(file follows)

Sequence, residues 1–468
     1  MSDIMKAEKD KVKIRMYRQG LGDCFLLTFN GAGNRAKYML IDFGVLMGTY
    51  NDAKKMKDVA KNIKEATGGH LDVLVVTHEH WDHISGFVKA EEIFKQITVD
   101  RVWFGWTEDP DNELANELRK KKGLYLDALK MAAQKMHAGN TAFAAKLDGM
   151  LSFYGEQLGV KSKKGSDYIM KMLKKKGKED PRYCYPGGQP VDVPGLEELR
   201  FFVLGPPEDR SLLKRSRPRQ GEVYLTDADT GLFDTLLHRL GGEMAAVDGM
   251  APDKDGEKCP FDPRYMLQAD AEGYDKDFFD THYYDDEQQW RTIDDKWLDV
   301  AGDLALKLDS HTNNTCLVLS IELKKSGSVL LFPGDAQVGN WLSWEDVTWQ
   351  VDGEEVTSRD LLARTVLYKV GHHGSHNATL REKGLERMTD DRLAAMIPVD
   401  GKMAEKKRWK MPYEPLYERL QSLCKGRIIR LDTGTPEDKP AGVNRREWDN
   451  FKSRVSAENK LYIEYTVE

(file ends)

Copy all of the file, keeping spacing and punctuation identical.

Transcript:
Sequence, residues 1–468
     1  MSDIMKAEKD KVKIRMYRQG LGDCFLLTFN GAGNRAKYML IDFGVLMGTY
    51  NDAKKMKDVA KNIKEATGGH LDVLVVTHEH WDHISGFVKA EEIFKQITVD
   101  RVWFGWTEDP DNELANELRK KKGLYLDALK MAAQKMHAGN TAFAAKLDGM
   151  LSFYGEQLGV KSKKGSDYIM KMLKKKGKED PRYCYPGGQP VDVPGLEELR
   201  FFVLGPPEDR SLLKRSRPRQ GEVYLTDADT GLFDTLLHRL GGEMAAVDGM
   251  APDKDGEKCP FDPRYMLQAD AEGYDKDFFD THYYDDEQQW RTIDDKWLDV
   301  AGDLALKLDS HTNNTCLVLS IELKKSGSVL LFPGDAQVGN WLSWEDVTWQ
   351  VDGEEVTSRD LLARTVLYKV GHHGSHNATL REKGLERMTD DRLAAMIPVD
   401  GKMAEKKRWK MPYEPLYERL QSLCKGRIIR LDTGTPEDKP AGVNRREWDN
   451  FKSRVSAENK LYIEYTVE